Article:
So what is the circadian rhythm for your body temperature?

Body temperature is low at night, rises quickly upon awakening, and reaches a maximum in the evening. Your glucose uptake is also more efficient meaning your body can use energy more efficiently.

Your optimal time to train according to this is late afternoon and early evening.

Also if you look at athletes and their performance, most sports record are broken in the early evening.

Best time to work out

Best time to work out would be anywhere from 3 pm to 9 pm in the evening. Your hormonal and body temperature circadian rhythm is at the optimal level. This is of course if you have a normal sleep biorhythm 12:00 - 8:00. However if you are either working night shifts or staying up late and waking up later in the day, make sure to have at least 6 hours between waking up and working out.

When experimenting with at what time your performance is best, you can also use a heart rate as a guideline. Resting heart rate is correlated with your body temperature. This means that when your resting hart rate peaks, its the time to work out.

What if you can't work out in the afternoon or evening?

Sometimes it is a luxury to be able to plan your workouts at an optimal time during the day. Perhaps you work in the evening, or you have classes, dates, social gatherings etc. In this case, there are a couple of solutions to still save your workouts.


A dose of 250 mg of caffeine in the morning rises neuromuscular readiness close to the afternoon levels. It basically switches your body to daytime mode.

However, research shows that most of these effects are actually psychological. Tinsley et al. 2017 confirmed that 300 mg of caffeine did not have a greater effect on subjective energy levels compared to the placebo group! Basically telling people they just consumed 300 mg of caffeine is just as effecting as actually giving them the real caffeine.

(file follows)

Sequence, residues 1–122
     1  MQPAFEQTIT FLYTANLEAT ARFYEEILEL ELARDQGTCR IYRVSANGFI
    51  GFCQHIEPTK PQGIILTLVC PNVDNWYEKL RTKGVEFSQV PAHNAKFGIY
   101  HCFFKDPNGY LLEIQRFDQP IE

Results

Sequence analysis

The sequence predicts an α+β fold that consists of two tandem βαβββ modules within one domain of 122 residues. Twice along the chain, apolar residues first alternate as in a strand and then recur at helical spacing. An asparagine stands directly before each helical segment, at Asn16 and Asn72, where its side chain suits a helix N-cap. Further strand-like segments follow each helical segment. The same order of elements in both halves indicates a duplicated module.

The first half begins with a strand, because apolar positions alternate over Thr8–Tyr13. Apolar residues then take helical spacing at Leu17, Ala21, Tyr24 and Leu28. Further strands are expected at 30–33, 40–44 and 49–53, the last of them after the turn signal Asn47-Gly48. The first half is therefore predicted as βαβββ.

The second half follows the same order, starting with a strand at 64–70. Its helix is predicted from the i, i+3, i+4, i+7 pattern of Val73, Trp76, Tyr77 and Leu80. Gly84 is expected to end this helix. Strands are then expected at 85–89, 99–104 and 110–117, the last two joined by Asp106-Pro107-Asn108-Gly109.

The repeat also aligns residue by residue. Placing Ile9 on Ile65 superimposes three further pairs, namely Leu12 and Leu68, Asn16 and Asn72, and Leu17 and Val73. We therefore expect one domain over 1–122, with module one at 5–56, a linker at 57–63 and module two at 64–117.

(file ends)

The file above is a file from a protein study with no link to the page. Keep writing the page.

Another problem with caffeine is that to effectively work for our purposes, which is strength training, you need to consume 3+ mg / kg of body weight. You start to develop tolerance to caffeine with anything above 1.5 mg / kg. The problem is obviously sustainability. Soon enough 3 mg / kg will not be enough and you will need to increase the dosage again.

The main issue that I have with caffeine is that it can disrupt sleep. Just a single espresso 16 hours before going to sleep can impair sleep quality by reducing the amount of time you spend in deep sleep.

Caffeine also decreases T/C ratio and does not elevate morning growth hormone levels to afternoon levels.

As such, I would not recommend this option if you can only work out early in the morning.


The best way to improve your performance during sub-optimal time is to always train at the same time. This way, your body will adapt to it, and change the circadian rhythm. Your nervous system can adapt quickly however your hormones will adapt less well. This is why research shows small differences in strength but bigger differences in muscle growth.

If you are working night shifts, you can sleep during the day and then work out always at the same time. The trick is to keep it consistent that way your circadian rhythm adapts to it.

Over time, you will feel better and better during those workouts and it will start to feel completely normal.